Rosie Girl

Title: Rosie Girl

Author: Julie Shepard

Series: Standalone

Publication: July 11th 2017 by G.P. Putnam’s Sons Books for Young Readers

Pages: 256

Source: Publisher in exchange for a honest review

Summary from Goodreads:

After her father passes away, seventeen-year-old Rosie is forced to live with her abusive stepmom Lucy and her deadbeat boyfriend, Judd, who gives Rosie the sort of looks you shouldn’t give your girlfriend’s step-daughter. Desperate for a way out, Rosie would do just about anything to escape the life she’s been handed. Then she finds a letter her dad wrote years ago, a letter confessing that Rosie’s birth mother isn’t dead, as she believed, but alive somewhere—having left them when Rosie was a little girl for reasons he won’t reveal.

Rosie resolves to find her birth mom, and she’ll put everything on the line to make that happen. She hires a PI paid for by her best friend, Mary, who turns tricks for money. Unlike Rosie, Mary’s no delicate flower and when she sees the opportunity to make some cash and help out her closest friend, she takes it. Romance blooms when the PI Rosie hires hands the case off to his handsome nephew Mac, but Rosie struggles to keep her illicit activities with Mary a secret. Things begin to unravel when Rosie starts getting creepy anonymous texts from johns looking for Mary. And then there’s Mary, the one person Rosie can count on, who’s been acting strangely all of a sudden.

As Rosie and Mary get closer to finally uncovering the truth about Rosie’s mom, Rosie comes face to face with a secret she never saw coming. With the ultimate unreliable narrator and twists and turns around every corner, Rosie Girl is an unforgettable tale of identity, devotion and desperation.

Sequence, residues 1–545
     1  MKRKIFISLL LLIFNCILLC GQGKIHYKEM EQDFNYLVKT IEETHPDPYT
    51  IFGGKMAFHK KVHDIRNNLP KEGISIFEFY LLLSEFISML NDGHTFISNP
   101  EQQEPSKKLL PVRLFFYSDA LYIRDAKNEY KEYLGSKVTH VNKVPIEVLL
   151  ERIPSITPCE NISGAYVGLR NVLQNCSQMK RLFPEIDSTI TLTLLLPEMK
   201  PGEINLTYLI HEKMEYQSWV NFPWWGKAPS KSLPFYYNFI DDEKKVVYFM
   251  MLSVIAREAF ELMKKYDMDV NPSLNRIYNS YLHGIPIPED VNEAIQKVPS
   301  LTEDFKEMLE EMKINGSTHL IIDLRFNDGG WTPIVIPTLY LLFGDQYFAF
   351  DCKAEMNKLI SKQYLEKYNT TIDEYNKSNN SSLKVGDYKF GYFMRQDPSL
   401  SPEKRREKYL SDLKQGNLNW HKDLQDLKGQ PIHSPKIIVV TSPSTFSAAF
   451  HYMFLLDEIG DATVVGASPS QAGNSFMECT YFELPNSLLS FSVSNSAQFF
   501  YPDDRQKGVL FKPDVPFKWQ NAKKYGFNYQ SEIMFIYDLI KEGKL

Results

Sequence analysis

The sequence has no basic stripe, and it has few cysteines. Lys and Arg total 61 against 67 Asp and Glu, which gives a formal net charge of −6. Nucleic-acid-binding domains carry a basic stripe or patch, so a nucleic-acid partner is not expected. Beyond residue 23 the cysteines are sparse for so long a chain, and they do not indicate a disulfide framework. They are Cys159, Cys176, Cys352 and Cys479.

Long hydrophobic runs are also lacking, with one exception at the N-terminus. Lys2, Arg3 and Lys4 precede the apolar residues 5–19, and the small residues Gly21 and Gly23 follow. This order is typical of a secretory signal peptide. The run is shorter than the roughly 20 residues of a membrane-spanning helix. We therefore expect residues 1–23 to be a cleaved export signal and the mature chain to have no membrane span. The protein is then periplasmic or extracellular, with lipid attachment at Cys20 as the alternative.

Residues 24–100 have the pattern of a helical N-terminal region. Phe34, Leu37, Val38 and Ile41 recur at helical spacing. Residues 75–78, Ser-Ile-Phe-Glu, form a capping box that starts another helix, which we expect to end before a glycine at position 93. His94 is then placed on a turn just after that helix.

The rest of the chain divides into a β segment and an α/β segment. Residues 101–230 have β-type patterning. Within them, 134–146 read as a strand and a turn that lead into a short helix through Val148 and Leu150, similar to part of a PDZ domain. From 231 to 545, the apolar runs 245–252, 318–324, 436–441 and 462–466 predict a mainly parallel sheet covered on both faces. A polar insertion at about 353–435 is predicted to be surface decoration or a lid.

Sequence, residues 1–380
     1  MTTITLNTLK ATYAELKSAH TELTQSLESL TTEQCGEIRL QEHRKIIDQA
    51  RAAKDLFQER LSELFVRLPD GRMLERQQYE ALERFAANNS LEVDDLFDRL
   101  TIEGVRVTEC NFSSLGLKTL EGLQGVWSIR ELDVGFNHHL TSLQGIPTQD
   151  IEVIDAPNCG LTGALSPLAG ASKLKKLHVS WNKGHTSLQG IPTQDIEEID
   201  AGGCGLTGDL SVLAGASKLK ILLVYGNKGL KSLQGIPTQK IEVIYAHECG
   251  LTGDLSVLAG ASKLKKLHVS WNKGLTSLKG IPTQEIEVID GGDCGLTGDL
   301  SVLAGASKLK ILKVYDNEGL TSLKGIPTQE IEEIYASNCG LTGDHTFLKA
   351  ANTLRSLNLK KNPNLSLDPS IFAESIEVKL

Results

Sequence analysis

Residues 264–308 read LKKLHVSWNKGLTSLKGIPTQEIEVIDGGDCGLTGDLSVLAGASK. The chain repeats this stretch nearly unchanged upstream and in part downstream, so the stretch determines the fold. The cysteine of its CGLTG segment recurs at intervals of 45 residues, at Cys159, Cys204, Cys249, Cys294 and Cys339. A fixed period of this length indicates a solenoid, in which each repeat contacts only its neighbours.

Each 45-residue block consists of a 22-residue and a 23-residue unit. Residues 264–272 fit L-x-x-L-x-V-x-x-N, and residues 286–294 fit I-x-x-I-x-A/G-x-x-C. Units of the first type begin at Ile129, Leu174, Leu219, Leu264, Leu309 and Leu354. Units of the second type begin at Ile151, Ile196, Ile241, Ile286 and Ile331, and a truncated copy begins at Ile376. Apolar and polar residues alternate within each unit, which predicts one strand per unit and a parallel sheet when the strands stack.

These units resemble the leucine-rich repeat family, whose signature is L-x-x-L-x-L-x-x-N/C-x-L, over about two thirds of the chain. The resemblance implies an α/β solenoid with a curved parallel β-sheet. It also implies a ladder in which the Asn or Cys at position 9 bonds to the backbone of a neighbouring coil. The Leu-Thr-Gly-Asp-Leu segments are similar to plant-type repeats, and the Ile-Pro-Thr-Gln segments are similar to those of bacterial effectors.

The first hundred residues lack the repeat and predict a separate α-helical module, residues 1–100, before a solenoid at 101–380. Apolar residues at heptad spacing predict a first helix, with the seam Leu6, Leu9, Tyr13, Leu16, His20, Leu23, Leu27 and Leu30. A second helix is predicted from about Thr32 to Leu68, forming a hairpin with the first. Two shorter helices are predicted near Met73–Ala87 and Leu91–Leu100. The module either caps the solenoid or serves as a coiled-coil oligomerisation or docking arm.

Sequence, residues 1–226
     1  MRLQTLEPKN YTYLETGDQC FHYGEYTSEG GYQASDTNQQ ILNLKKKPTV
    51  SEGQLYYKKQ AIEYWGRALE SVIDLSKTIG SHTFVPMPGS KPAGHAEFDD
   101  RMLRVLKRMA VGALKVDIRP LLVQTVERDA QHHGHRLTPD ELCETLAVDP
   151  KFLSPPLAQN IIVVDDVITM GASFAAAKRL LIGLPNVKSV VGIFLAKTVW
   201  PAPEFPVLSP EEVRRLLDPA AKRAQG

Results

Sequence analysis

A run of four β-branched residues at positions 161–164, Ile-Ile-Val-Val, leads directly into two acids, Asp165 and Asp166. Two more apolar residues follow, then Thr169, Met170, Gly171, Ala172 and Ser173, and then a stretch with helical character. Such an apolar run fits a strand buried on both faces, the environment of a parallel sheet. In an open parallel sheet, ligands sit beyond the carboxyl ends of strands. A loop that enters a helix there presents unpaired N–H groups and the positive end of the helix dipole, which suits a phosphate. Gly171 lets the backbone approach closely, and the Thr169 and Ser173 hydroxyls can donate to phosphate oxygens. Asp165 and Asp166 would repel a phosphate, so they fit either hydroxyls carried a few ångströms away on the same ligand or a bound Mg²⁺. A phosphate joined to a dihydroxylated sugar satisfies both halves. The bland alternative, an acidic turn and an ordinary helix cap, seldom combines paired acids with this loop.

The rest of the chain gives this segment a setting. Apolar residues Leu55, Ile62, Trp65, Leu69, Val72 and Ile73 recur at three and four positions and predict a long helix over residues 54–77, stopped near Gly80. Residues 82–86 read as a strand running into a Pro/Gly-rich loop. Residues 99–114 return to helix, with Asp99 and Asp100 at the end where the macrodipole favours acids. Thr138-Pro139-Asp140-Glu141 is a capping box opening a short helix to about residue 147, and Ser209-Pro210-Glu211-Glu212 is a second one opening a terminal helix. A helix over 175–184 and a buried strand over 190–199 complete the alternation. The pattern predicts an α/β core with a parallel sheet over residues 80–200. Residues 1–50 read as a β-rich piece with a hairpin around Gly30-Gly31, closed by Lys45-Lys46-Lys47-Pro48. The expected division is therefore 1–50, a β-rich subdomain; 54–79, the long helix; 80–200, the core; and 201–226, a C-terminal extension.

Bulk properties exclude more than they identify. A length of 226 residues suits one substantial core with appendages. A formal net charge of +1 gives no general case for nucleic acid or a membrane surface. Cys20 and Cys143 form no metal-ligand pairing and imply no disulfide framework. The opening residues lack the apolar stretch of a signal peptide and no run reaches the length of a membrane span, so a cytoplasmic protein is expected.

Thoughts:

  • Apparently, it is possible to still love a book while figuring out the plot twist from the book jacket synopsis.
  • Fabulous concept, original – at least in YA. I’ve never read another book like this before. Yay
  • Rosie has a fantastic voice. I didn’t think I was going to like her as much as I did, but she grew on me. Her persistence, drive, and humor never failed to impress me.
  • I will say this: I did not see the secondary plot twist at the end. I never even suspected it. This book goes a long way to illustrate both how dependent we, as readers, are on our narrators and how the littlest red flags can easily slip past our focus. It was mind boggling and amazing and I find myself, even now, very impressed.
  • Long story short, this is the kind of book you read once, want to reread, and then want to keep reading over and over again because more and more details appear beneath the surface.


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